Traditionally, window AC units have been hard to address. But a start-up called ThinkEco came up with a remote-controlled "Modlet," or "modern outlet." Between the appliance and the wall socket is a device that controls the AC setting that customers can manipulate from an app on their smartphones. Formerly they'd leave the AC on high all day because of lack of control. The suggested notion is that the customer can set the temperature up, lowering the AC draw, during the day, and turn the temperature setting down before returning home from work. A smart thermostat is positioned elsewhere in the room, so it's unaffected by the heat from the AC unit.

Con Edison can control the smart thermostat as part of a demand response agreement, though customers can override that command as needed. Con Edison connects to the thermostat via broadband wireless to the customer's Internet router. The utility is pursuing a "carrier solution," meaning that the signal would be picked up by a major carrier's cellular coverage rather than the router. 

During a demand response event, or period of high demand, Con Edison turns the unit on or off, until the ambient temperature set by the company is reached. This differs from traditional plug load management where units are turned on and off based on time, with a set temperature. Thus, customers are more comfortable during an event. So there's a range and Con Edison uses on/off to hit the high or low end of the range during a demand response event. At all other times the customer sets their own control choices or makes decisions based on their day and/or planned and unplanned activities, so that rooms are only cooled when they need to be cooled.

"We are in the process of deploying 10,000 `smartAC Modlets' from ThinkEco as part of our pilot," Smart told me. "A version of the Modlet is also being sold at retail via select Best Buy stores."

Around the country, Smart added, people talk about 2,000, 3,000-square foot houses. In New York City, people live in 500-square foot apartments with two big devices: a window air conditioner and a fridge.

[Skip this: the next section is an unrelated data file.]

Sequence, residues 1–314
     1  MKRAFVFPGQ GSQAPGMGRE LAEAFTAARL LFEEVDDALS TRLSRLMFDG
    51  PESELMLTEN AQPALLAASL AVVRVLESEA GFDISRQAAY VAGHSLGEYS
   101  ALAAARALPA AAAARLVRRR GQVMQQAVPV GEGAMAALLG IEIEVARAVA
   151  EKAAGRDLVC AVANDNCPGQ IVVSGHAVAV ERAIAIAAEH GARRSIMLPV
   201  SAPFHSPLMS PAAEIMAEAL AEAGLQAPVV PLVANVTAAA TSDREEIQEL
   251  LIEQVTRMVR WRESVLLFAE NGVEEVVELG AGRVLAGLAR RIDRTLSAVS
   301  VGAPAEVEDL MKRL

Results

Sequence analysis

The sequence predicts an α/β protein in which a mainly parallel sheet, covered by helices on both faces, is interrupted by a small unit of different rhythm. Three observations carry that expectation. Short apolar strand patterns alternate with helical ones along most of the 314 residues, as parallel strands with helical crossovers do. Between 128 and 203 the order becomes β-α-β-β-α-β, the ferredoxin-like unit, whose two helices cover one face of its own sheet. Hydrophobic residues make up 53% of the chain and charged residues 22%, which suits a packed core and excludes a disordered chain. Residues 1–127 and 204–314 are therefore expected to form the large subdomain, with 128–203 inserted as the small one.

"And they won't let me near their fridge," Smart said, chuckling. "So we have to adapt to our unique environment."

In a house you have more choices because you have a better economy of solution, Smart pointed out. You might have several options for curtailment in a home with a 1, 2, maybe 3 kilowatt load. A window AC unit might represent a load of perhaps a half-kW.  

How will Con Edison measure results?

A power chip, bascially a semiconductor, measures electrical current and voltage, via a reader in the Modlet to know exactly how the AC unit is behaving.  

"We're learning a lot about how people use window air conditioners," Smart said.

"The customer engagement piece is all about empowering the customer. It's not about what Con Edison needs. Give the customer some control and choice and make it sexy and fun. That's what the customer is drawn to—being able to control that unit and save some money," Smart concluded.

"My philosophy is that we (the utility) have to look at getting secondary benefits, not the primary benefit," he added. "Because it's too hard to sell that to the customer. Electricity by its nature is an enablement tool. And when you take away enablement, I think it's very difficult to really partner with them (the customers). You have to create a pull instead of pushing it."

Phil Carson 
Intelligent Utility Daily